Even the CIA came out of the closet…[in 1995] with its abashed confession that the government agency had spent $20 million on psychic research in the last two decades.[27] It was in 1973 that the Central Intelligence Agency began looking into the business of psychic phenomena.[28] The studies the CIA sponsored were conducted first at the Stanford Research Institute (SRI) in Menlo Park, California, and later at the nearby, privately owned Science Applications International Corporation.[29]

“The CIA studies were conducted in a number of ways,” says Jessica Utts, a statistician at the University of California at Davis who participated in some of the experiments, “but all the research had the same objective: to determine how well volunteers could perform in a sensory experiment in which something besides their usual senses was being studied.” [30] “Over the first 15 years of the 20-year study,” she says, “154 separate experiments were conducted consisting of 26,000 trials. During those experiments,…the statistical significance figure was a mere .00000000000000000001 [(p << 0.05)] – meaning that you would expect to see those results only once in 1020 tries if the outcome was due solely to chance."[31] "The studies lead to the conclusion that psychic abilities exist."[32] The studies she analyzed…were conducted according to the most rigid of scientific methods: the trials were usually double-blind, with neither the experimenter nor the subject knowing what image had been selected; the subjects were unknown to the experimenters before the studies began; and when the experimenters chose volunteers, they sometimes went out of their way to select the least psychically inclined ones as possible. "During one set of trials early in the study," Utts says, "we were looking for Stanford employees who might want to serve as subjects, and we learned that one particularly skeptical man had been telling his colleagues what nonsense our work was. After testing, we decided he'd be perfect for our needs, and as it turned out he was. On one trial, he described seeing a target image that resembled a tree, but one that was almost entirely gray and mushroom-shaped at the top. The image we had selected for him was a videotape of a nuclear explosion."[33] After being tapped for the CIA's psychic espionage program – now known as Star Gate – [David Morehouse] spent eight months, eight hours a day, being trained in the practice known as "remote viewing," by which individuals are taught to…access people…remote from them.[34] A typical assignment, says Morehouse, was to access the mind of an enemy test pilot in order to get detailed information about fighter planes.[35] The information was correlated with other surveillance programs.[36] If the same extrasensory sleuthing could be used to locate…missile bases near Moscow or troop movements in China, the United States could gain a[n]…advantage in the global intelligence game.[37] Though the CIA claims it has abandoned the program because of lack of success, Morehouse and his remote viewing colleagues believe Star Gate is as active as ever but has gone further undercover. They also believe the government is taking this technique into the realm of weaponry, training individuals in "remote influence" – accessing another human mind to inflict harm on it.[38]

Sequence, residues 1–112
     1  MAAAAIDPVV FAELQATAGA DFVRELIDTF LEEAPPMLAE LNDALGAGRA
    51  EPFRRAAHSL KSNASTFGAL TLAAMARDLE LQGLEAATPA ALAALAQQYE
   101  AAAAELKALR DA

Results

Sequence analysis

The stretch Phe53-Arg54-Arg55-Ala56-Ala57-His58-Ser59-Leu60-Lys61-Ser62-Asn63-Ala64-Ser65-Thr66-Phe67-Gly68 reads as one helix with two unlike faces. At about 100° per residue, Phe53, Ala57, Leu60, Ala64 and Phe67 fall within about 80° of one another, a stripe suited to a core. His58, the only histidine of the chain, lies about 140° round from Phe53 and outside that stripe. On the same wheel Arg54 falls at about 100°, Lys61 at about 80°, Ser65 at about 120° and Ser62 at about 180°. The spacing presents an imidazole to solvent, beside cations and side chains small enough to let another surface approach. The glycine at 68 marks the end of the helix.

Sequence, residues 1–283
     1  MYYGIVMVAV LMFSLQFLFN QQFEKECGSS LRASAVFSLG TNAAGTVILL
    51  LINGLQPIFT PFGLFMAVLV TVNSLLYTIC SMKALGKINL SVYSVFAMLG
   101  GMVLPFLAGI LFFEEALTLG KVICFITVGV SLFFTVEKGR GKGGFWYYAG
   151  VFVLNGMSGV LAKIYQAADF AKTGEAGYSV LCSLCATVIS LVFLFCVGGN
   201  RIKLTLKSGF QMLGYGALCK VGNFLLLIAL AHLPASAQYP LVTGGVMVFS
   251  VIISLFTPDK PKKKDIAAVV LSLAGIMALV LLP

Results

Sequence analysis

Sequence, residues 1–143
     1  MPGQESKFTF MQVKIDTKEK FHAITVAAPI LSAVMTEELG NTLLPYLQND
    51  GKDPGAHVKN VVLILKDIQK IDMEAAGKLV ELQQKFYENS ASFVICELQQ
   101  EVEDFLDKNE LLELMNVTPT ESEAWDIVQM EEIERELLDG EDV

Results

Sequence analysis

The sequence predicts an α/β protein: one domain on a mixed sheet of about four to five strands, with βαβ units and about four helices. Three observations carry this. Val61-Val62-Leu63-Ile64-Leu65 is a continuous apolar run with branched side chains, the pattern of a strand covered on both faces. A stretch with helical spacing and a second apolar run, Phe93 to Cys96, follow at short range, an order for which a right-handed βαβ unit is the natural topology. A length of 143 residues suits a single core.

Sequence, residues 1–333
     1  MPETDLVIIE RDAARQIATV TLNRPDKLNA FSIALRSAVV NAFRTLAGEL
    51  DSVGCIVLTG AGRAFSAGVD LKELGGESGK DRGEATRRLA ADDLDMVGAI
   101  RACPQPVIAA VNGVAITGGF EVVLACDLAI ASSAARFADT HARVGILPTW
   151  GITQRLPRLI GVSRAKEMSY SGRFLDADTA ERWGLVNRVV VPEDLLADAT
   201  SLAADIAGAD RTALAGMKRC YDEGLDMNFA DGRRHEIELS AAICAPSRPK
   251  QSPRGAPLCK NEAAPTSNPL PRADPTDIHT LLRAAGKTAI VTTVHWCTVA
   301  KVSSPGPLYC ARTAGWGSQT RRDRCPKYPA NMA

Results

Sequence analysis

[20] Jill Neimark, Do the spirits move you?, Psychology Today, Sep/Oct 1996, 29(5), p. 78.
[21] Op. cit.
[22] Lorrin Harvey, Mental telepathy in the lab; tests show psychic abilities among actors and musicians, Omni, Nov 1994, 17(2), p. 20.
[23] Steve Nadis, At long last, proof?, Omni, Sep 1994, 16(11), p. 78.
[24] Lorrin Harvey, Mental telepathy in the lab; tests show psychic abilities among actors and musicians, Omni, Nov 1994, 17(2), p. 20.
[25] Op. cit.
[26] Op. cit.
[27] Jill Neimark, Do the spirits move you?, Psychology Today, Sep/Oct 1996, 29(5), p. 51.
[28] Jeffrey Kluger, CIA ESP, Discover, April 1996, 17(4), p. 36.
[29] Op. cit.
[30] Op. cit.
[31] Ibidem, p. 37.
[32] Op. cit.
[33] Op. cit.
[34] Jill Neimark, I was a psychic spy, Psychology Today, Sep/Oct 1996, 29(5), p. 52.
[35] Op. cit.
[36] Op. cit.
[37] Jeffrey Kluger, CIA ESP, Discover, April 1996, 17(4), pp. 34, 36.
[38] Jill Neimark, I was a psychic spy, Psychology Today, Sep/Oct 1996, 29(5), p. 52.